In this respect, Wayne Grudem provides an excellent summary: “Glorification is the final step in the application of redemption. It will happen when Christ returns and raises from the dead the bodies of all believers for all time who have died, and reunites them with their souls, and changes the bodies of all believers who remain alive, thereby giving all believers at the same time perfect resurrection bodies like his own.”
Rev. 14:13 – Then I heard a voice from heaven saying, “Write: The dead who die in the Lord from now on are blessed.” “Yes,” says the Spirit, “let them rest from their labors, for their works follow them!” (HCSB)
The dead who die in the Lord
This section ends with a voice from heaven saying, “Write: The dead who die in the Lord from now on are blessed.” This is followed by the Holy Spirit, who speaks, “Yes, let them rest from their labor, for their works follow them!”
Certainly, those who “die in the Lord” are blessed. Their names have been written in the Lamb’s book of life. The angels have rejoiced at their entrance into the kingdom. Jesus has gone to prepare a place for them in His Father’s house and will return to resurrect and glorify them. They will live forever with Jesus in the new heavens and new earth. Meanwhile, at the moment of death, they are absent from the body and present with the Lord. And they will be wherever Jesus is forever and ever. These are blessings for which every believer may rejoice for they are gifts of God’s grace, secured through the finished work of His Son.
But what does the phrase “from now on” mean? It cannot mean that those who previously have died in the Lord are lesser citizens of the kingdom or are denied the full benefits of eternal life. Nor can it mean that God withholds His promises from particular saints just because they lived in a different chapter of human history. Rather, the voice from heaven seems to be assuring those who remain faithful to the Lord during a time of extreme persecution that in death they are spared further suffering. Even more important, they are reminded that “their works follow them,” meaning they will be richly compensated in eternity for what they willingly sacrificed in time.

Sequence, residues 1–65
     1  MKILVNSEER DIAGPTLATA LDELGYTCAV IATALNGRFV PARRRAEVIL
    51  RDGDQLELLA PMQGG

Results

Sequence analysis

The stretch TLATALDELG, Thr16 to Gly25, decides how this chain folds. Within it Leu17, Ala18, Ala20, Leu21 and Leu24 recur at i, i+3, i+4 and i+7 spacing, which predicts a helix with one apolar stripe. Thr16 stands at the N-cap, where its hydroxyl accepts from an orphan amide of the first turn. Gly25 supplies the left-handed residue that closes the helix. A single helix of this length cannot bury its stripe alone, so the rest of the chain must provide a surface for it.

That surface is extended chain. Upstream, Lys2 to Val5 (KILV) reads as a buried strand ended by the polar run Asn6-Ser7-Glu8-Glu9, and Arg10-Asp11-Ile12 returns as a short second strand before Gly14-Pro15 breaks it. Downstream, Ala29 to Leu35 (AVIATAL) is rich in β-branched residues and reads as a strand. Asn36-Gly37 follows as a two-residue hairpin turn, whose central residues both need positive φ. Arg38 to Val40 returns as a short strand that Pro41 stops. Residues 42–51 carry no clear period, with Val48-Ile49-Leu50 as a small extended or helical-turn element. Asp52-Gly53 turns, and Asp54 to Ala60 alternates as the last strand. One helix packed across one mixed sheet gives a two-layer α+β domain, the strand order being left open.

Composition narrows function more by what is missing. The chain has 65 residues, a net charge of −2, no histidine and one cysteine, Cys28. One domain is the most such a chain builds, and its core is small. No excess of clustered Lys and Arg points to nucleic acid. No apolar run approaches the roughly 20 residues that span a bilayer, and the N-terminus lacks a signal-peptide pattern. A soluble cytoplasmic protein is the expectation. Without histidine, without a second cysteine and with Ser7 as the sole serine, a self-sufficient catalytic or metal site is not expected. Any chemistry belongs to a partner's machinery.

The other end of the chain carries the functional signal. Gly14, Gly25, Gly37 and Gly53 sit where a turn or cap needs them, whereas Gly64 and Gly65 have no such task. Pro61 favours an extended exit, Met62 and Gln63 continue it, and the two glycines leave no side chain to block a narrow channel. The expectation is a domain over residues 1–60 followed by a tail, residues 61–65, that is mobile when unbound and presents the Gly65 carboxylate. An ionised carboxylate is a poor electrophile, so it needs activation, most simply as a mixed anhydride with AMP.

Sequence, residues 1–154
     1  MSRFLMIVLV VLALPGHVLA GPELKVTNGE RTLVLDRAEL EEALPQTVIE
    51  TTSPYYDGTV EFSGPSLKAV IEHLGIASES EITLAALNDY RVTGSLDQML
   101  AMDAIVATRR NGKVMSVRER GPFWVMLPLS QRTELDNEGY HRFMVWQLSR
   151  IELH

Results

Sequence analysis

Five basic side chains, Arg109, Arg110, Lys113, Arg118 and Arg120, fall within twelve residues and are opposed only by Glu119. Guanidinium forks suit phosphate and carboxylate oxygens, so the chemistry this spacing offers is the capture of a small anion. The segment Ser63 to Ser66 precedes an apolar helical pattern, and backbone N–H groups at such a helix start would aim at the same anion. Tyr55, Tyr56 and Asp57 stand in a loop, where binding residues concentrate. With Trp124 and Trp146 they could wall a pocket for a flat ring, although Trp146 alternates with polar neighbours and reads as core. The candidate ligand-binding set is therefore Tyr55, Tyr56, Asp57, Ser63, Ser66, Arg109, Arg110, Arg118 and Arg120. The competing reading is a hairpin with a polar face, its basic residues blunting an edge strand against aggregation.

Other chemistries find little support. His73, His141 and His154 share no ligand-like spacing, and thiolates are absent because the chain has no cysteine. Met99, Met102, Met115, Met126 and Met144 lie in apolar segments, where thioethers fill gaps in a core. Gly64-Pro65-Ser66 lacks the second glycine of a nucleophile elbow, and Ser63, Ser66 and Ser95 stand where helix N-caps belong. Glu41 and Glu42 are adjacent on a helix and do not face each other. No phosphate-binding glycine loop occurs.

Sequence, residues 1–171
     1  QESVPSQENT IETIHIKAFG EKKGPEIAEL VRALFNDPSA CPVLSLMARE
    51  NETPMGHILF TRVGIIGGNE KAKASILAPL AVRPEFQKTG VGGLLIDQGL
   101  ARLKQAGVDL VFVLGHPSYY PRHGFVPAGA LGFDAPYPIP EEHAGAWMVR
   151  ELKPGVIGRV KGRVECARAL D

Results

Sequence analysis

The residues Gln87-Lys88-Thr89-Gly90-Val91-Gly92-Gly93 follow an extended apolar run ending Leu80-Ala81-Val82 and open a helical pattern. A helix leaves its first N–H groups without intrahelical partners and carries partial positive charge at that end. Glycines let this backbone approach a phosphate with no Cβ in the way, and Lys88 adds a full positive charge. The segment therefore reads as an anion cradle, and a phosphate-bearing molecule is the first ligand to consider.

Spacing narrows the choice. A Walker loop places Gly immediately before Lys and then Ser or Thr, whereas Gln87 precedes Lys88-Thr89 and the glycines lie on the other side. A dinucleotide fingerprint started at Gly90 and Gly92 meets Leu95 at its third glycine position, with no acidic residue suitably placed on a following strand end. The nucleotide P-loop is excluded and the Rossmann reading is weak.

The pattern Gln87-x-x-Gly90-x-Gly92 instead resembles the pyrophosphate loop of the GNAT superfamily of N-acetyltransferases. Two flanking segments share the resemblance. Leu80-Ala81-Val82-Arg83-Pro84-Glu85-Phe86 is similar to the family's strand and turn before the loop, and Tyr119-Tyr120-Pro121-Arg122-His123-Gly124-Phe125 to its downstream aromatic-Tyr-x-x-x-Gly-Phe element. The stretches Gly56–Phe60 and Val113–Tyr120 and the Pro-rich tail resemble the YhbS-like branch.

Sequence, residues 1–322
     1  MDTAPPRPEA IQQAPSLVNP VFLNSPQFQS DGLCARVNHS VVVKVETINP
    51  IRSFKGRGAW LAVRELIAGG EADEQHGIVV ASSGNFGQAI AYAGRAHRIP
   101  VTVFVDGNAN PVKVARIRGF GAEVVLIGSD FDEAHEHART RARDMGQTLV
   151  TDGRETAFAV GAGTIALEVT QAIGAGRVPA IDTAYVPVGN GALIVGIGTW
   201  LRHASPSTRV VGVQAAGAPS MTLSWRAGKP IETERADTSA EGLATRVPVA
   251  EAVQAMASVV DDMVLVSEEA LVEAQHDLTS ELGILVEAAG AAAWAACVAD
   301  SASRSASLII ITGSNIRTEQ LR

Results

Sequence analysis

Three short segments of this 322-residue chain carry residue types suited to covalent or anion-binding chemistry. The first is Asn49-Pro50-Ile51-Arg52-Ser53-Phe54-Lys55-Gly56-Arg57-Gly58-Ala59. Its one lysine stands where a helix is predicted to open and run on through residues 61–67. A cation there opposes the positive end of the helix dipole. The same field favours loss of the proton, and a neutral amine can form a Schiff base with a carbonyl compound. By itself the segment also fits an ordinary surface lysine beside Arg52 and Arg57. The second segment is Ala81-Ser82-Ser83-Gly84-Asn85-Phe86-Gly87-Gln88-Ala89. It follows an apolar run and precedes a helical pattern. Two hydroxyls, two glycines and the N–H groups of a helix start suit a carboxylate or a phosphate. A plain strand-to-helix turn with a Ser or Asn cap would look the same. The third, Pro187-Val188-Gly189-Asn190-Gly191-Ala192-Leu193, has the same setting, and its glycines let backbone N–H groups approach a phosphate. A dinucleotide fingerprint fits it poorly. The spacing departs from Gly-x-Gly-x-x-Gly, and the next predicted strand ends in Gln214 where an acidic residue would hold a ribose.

Few passages of scripture cause more controversy among evangelical Christians than Rev. 20:1-10, in which John mentions a 1,000-year period six times. The main point of debate is whether the “millennium” should be understood literally or figuratively.
Generally, those who believe the 1,000 years are literal and in the future are called premillennialists. They look for Christ to return and establish a “millennial kingdom,” or a reign of 1,000 years, after which He puts down Satan’s final revolt, resurrects and judges unbelievers (Christians are judged before the millennium), and creates new heavens and a new earth.
Those who believe Christ is returning after the millennium are called postmillennialists. The 1,000 years are not necessarily a literal time frame, but they represent a period during which much of the world turns to faith in Jesus.
Those who see all references to the 1,000 years as figurative and without merit as a reference point concerning the timing of the Lord’s return are called amilllennialists.
There is diversity within each of these camps as to the order of events surrounding the second coming.
Regardless of where you stand on the issue, it’s important to follow a biblical principle for exploring tough passages: Start with the simple and straightforward teachings of scripture, and seek to understand the difficult passages in the light of the simpler ones.
With that in mind, let’s rally around 10 simple truths regarding the return of Jesus.